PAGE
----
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by Megan Stals

Under the Spotlight AUS: Breville Group (BRG)

From the early morning coffee to the lunchtime sandwich, through to heating up dinner, kitchen appliances are essential to fuelling the daily grind. Making food preparation faster, but still maintaining taste, is the aim of companies like the Breville Group. Let’s put it Under the Spotlight.

In 1932 a radio salesman and an engineer went to the Melbourne Cup, but luckily for them they didn’t leave with empty pockets. Bill O’Brien and Harry Norville decided to use their winnings to start a new firm that would make radios. By combining their names, they landed on Breville Radio. After briefly manufacturing mine detectors during World War Two, they realised they needed to shift focus.

Television began to take over as a popular form of entertainment in the 1950s and, for a few years, they sold TV sets under the ‘Precedent Televisions’ brand. The pair also looked into small kitchen appliances. By the 1960s, Bill’s son John had become involved in the business and founded the ‘Breville Research & Development Centre’, which set the standard for Breville Group’s ($BRG) reputation in food and beverage preparation.

In 1974, Australians were quickly won over by the scissor action ‘Snack n Sandwich’ toaster. It would replace the old-fashioned jaffle iron and is estimated to have achieved 10% market penetration within one year of its launch. Cutting cheesy toasted sandwiches diagonally and sealing the edges proved an extremely popular but simple homemade treat.



Simple recipe

The ‘Kitchen Wizz’ food processor and ‘Scraper Mixer Pro’ arrived soon afterwards, while, in the 1980s, Breville launched one of the first heated walled electric woks. These types of devices helped people to improve the quality and variety of their meals, while reducing preparation times. As such, the company was able to cater to the general trends of a fast-paced society, people becoming more health conscious and an emerging foodie culture.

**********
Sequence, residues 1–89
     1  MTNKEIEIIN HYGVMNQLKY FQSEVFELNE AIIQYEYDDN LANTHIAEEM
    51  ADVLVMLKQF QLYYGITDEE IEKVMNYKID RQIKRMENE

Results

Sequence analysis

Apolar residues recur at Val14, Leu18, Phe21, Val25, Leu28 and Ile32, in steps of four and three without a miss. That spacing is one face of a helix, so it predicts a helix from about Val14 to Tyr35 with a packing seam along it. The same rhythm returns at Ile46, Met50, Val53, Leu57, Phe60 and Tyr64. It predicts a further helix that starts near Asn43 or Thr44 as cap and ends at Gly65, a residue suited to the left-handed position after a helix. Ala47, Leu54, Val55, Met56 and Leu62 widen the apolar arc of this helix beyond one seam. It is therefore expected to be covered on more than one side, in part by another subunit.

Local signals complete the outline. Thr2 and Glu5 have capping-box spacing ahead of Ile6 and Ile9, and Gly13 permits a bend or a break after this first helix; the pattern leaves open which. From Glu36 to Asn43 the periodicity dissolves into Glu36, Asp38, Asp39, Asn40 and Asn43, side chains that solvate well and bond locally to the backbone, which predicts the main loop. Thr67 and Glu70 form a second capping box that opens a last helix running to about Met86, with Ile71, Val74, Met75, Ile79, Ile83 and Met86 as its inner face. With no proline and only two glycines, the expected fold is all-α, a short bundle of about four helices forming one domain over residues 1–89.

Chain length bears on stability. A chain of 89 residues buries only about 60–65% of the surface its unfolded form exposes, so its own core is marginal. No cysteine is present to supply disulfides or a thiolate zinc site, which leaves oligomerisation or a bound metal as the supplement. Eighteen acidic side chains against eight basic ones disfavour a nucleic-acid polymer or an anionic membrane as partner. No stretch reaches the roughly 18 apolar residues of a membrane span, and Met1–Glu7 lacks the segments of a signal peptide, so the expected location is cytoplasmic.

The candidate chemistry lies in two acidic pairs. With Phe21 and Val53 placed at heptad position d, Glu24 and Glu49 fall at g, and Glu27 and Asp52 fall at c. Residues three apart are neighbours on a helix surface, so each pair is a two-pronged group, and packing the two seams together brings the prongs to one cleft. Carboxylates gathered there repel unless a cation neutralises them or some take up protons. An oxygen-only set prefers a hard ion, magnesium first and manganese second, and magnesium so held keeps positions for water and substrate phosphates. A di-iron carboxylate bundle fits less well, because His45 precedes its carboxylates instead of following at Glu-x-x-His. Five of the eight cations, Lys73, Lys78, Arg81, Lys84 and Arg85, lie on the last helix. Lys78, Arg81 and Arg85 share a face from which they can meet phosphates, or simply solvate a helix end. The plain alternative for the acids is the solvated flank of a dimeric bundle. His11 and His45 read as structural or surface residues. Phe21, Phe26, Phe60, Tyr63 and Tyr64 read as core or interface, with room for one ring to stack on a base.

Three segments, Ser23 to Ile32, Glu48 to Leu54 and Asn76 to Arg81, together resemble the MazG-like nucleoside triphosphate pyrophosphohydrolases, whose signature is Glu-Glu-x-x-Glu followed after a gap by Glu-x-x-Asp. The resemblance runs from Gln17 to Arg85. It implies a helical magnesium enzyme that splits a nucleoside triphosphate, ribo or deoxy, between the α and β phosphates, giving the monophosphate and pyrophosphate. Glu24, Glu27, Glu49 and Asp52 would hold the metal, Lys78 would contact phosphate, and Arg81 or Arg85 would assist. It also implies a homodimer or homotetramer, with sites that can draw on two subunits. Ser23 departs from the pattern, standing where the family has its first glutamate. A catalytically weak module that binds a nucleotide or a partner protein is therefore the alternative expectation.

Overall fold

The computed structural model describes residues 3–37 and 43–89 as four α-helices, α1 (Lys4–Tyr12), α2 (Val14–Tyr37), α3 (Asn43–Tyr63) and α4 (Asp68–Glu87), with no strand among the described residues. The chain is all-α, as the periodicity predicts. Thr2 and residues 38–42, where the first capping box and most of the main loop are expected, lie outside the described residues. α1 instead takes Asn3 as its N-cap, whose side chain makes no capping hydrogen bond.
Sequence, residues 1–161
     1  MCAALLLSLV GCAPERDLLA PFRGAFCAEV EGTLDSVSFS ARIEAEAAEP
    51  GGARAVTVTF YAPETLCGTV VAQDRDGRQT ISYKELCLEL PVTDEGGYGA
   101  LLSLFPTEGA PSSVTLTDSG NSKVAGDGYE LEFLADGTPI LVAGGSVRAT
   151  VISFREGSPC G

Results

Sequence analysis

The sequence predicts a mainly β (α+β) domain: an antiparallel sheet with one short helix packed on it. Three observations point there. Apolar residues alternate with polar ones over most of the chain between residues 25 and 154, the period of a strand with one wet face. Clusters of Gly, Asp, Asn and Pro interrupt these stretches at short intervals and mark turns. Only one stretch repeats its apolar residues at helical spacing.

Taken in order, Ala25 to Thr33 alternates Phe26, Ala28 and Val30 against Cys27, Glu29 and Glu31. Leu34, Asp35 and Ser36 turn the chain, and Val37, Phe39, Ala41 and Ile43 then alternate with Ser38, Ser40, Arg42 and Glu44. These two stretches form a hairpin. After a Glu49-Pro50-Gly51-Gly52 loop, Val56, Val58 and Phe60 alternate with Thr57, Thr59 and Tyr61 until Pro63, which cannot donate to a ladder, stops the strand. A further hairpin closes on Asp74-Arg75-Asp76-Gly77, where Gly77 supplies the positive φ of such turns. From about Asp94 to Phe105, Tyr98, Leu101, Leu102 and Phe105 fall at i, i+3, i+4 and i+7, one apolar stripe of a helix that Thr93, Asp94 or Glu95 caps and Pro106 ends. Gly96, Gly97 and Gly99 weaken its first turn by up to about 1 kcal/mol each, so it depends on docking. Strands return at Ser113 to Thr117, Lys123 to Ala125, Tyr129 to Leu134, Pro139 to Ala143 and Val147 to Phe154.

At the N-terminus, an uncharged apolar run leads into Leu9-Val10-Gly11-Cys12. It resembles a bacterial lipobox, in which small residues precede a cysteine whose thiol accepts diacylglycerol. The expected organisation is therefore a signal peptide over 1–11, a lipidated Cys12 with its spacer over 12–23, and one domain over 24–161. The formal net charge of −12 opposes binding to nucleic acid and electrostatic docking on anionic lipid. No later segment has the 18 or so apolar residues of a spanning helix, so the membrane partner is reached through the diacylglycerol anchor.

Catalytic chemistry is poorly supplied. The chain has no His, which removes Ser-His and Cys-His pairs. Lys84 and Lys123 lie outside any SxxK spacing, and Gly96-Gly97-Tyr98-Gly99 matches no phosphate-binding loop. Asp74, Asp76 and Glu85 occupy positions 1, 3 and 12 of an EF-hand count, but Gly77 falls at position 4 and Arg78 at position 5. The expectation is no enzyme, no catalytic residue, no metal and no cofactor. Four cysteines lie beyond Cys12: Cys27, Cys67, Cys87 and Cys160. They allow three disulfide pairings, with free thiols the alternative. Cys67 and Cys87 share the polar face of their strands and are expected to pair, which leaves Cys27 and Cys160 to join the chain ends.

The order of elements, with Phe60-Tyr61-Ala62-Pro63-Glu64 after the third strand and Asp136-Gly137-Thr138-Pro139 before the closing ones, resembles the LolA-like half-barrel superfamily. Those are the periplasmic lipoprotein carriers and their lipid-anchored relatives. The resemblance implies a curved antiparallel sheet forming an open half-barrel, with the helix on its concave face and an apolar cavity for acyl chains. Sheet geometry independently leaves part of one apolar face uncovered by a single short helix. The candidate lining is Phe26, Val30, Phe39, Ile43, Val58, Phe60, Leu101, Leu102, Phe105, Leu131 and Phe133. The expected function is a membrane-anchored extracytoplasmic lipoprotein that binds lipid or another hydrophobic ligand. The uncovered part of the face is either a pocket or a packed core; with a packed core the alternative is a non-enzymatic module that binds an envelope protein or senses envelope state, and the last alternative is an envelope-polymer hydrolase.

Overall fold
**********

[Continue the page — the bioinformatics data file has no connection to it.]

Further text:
Today Breville has a greater range of products, some of which are meant for use outside of the kitchen. Cooling fans, air purifiers, dehumidifiers and electric blankets are a few of these offerings. However, its core strategy remains tied to premium kitchen appliances via two main business segments.

Global product includes the goods being created by the firm itself, generally through its brands such as Breville, Sage and Baratza. The distribution unit involves those products that come from third parties, via various licensing agreements or that are sourced directly from manufacturers. 

The company’s appliances are sold in over 80 countries, with global product sales outside of Australia increasing from 79% in FY2018 to 85% in FY2023. In the UK and Europe, the firm primarily operates as Sage, as another business owns the Breville brand in the region.

While the U.S. is the business’ largest market, there’s a drive for diversification and the firm has entered seven new nations since 2020. Just under 55% of revenues come from the Americas, with the remaining inflows closely split between the Asia-Pacific and Europe, the Middle East and Africa regions.

There are many moving parts in Breville’s process of delivering products to customers, which comes with its own risks. Breville was caught up in the Bed Bath & Beyond bankruptcy and has now shifted its operations to sell from Target ($TGT) in the U.S. In addition, the firm has built a manufacturing plant in Mexico to expand sourcing capabilities outside of China, with goods built across the U.S. border not affected by U.S. tariffs. These actions have helped the company, but they still came at a cost.